My pal and musical collaborator Jordon messaged me on the weekend with an image of an album which he described as “Most certainly the worst music album I have ever heard.” It was a 1979 album by Cano. He went on: “Disturbingly turgid. Aggravating. Couldn’t make it to Side 2. Final song on Side 1 is a day-ruiner.”
Now I kind of want to hear it — because, you know, there are quite a few albums which are critical failures which I love dearly. (Though I rarely disagree with Jordon). So I thought I would share a few of those — not just ones which were critical failures, but also albums which sold poorly compared to others in that artist’s discography.
Let’s start with Tusk by Fleetwood Mac. Frankly, the poorest seller of the band’s biggest era is my favourite. Lindsey Buckingham really wanted the followup to Rumours to not follow the same winning formula. So the album was considerably less polished on purpose, even though they built their own studio to do it. Songs like That’s All For Everyone have the same sort of appeal to me as Jane of The Waking Universe by Guided By Voices — songs which are infectious in their simplicity. This puts Tusk about two decades ahead of the curve for me. But it also has many lush and glorious fully formed songs within its two record-set. Over And Over, for example.
I’ve seen Yellow Submarine included on lists of “bad albums from great artists.” This is just insane. At best, ill-informed. For starters — it’s a soundtrack album. Originally, the second side was just the movie score by George Martin. However, in 1999 it was the first Beatles album to be remixed and remastered from the original tapes — including the first true stereo mix of It’s Only A Northern Song. Let’s talk about the songs. People love to hate the aforementioned Only A Northern Song, a reject from Sgt. Pepper, but it is among my favourites. It’s so noisy, nasty, freaky and Ringo Starr’s drumming is cool and great. George Harrison wrote it as a bit of a bitch concerning his usual allotment of songs on each album. The other Harrison song on Submarine is It’s All Too Much, which is a masterpiece of multi-layer psychedelic joy. My pal Dave Merritt of Golden Seals did an exceptional cover of it a few years ago.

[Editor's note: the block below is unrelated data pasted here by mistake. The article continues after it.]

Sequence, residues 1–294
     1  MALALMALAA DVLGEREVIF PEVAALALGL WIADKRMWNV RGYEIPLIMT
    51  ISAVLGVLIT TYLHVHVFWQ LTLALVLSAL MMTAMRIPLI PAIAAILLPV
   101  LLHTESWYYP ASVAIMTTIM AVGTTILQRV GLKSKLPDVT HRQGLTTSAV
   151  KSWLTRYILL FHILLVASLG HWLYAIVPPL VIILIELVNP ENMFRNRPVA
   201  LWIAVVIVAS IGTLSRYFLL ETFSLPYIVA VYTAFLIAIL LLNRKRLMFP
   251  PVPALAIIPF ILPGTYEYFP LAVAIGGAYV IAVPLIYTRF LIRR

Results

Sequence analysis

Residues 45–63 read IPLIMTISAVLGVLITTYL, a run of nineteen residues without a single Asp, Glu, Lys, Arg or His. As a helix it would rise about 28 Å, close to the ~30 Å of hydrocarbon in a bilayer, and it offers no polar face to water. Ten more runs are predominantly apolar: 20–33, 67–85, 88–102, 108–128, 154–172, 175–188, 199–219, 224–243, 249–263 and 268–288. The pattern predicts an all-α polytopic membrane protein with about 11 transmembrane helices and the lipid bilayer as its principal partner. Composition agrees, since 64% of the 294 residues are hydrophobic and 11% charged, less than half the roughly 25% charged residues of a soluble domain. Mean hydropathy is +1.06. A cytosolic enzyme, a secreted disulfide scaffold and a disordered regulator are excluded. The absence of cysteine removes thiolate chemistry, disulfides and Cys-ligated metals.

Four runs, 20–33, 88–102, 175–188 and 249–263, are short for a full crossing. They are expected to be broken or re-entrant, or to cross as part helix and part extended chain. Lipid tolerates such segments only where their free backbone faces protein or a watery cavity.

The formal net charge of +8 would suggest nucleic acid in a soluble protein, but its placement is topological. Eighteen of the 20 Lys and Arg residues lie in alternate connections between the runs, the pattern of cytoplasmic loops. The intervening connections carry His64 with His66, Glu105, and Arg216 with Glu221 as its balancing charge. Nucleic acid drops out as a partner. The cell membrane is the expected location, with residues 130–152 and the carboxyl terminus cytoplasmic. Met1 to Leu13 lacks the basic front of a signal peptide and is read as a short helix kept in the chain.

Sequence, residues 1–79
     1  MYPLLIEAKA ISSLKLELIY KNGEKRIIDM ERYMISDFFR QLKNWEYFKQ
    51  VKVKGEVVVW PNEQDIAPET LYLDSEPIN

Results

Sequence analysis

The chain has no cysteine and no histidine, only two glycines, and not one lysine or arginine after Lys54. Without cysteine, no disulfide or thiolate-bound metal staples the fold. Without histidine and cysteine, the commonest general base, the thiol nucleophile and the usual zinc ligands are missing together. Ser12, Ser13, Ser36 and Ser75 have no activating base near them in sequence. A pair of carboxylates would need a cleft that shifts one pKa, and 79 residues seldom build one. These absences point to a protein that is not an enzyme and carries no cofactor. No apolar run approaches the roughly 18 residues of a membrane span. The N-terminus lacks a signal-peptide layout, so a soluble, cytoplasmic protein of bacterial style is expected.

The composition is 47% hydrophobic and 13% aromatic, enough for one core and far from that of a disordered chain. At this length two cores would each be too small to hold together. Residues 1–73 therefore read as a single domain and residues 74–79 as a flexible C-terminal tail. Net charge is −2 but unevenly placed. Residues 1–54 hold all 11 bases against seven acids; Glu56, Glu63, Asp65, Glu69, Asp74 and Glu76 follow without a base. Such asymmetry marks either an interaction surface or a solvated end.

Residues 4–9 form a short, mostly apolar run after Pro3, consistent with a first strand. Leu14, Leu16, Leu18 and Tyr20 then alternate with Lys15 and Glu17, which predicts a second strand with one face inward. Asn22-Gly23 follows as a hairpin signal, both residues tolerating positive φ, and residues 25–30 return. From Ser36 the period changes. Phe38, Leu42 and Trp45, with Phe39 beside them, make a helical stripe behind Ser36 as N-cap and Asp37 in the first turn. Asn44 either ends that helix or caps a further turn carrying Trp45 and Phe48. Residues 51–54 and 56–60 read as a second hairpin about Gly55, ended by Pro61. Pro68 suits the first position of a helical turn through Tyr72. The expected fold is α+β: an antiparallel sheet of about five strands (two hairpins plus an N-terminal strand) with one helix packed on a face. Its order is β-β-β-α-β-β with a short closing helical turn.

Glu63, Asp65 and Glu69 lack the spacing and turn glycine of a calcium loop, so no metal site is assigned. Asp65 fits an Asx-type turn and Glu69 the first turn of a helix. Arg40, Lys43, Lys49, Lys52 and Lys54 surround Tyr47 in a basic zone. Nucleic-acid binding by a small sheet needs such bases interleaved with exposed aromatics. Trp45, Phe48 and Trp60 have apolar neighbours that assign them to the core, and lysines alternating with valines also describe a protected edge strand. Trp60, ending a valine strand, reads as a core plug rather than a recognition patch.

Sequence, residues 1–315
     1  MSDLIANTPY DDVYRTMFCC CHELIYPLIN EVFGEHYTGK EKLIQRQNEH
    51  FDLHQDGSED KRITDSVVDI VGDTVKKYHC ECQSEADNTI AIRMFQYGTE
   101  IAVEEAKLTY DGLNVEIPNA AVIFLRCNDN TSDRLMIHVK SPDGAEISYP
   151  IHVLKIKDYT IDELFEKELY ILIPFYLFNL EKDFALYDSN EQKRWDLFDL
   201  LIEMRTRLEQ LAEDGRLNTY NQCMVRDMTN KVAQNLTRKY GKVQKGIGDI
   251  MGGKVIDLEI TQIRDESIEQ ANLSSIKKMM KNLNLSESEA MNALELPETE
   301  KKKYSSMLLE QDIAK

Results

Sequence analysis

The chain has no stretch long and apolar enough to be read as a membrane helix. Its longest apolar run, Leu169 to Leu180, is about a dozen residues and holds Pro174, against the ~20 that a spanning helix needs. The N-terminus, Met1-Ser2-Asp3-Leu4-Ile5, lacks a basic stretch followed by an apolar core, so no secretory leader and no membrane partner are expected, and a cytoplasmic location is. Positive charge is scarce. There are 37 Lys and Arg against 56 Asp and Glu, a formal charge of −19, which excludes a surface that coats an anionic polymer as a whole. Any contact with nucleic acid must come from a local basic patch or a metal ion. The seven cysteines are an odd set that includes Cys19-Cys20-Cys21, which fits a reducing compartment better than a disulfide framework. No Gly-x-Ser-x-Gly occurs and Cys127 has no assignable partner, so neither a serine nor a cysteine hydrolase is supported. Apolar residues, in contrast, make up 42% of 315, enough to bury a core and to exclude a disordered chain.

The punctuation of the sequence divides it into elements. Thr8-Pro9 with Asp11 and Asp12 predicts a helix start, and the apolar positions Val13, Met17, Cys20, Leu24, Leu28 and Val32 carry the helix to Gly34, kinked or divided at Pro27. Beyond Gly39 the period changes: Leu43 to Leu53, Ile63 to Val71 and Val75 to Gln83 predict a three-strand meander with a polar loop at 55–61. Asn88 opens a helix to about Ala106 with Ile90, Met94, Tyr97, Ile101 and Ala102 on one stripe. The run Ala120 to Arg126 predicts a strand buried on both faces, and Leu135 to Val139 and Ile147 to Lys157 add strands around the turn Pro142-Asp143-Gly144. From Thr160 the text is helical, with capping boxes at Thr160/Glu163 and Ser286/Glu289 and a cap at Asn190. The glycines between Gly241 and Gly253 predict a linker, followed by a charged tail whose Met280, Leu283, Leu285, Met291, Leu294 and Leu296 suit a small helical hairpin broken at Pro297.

The worst KISS album is not Music From The Elder. Lots of people think so, but it’s not. Crazy Nights is. The Elder, at the very least, is great because it’s so silly. I mean, KISS doing a concept album? Paul Stanley wearing a headband? Ah, don’t worry about it. Most concept albums are stupid — but this record is quite heavy, in contrast to the poptastic Unmasked, which came before it. As is often the case, Ace Frehley has the best song on the record. Dark Light is a classic, up there with Shock Me and Rocket Ride. After all, the sessions for the album began at Frehley’s home studio — and then moved to Canada. The only song on the record I don’t love is the silly A World Without Heroes — which actually has a lyric partially written by Lou Reed.
A lot of people hate David Bowie’s covers album Pin Ups, but I find it to be glam perfection, thanks to the addition of Aynsley Dunbar on drums. Back in 1973, artists weren’t doing covers albums yet. It was yet another trend which one could argue began with Bowie. When you compare this to John Lennon’s Rock And Roll album, I’d much rather hear a cover of See Emily Play than Be Bop A Lula, thanks.